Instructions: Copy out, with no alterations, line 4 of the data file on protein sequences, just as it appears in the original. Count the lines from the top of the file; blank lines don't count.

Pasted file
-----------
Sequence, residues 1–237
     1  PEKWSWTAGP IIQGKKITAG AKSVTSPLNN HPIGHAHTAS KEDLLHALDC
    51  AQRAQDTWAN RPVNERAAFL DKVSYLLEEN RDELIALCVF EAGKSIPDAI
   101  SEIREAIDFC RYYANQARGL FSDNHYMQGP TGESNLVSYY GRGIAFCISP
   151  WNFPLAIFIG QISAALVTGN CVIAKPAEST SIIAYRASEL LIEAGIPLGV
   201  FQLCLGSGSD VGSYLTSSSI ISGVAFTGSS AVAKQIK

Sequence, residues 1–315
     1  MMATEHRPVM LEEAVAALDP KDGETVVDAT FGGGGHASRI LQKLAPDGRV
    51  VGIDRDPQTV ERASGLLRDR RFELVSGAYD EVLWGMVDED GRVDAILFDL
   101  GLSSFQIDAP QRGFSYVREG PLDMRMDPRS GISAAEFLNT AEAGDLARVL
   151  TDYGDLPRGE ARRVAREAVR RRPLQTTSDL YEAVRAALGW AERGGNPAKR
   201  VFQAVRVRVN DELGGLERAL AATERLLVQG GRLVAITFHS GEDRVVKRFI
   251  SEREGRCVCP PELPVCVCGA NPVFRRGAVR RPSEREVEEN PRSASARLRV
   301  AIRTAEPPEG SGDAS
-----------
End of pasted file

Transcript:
   101  SEIREAIDFC RYYANQARGL FSDNHYMQGP TGESNLVSYY GRGIAFCISP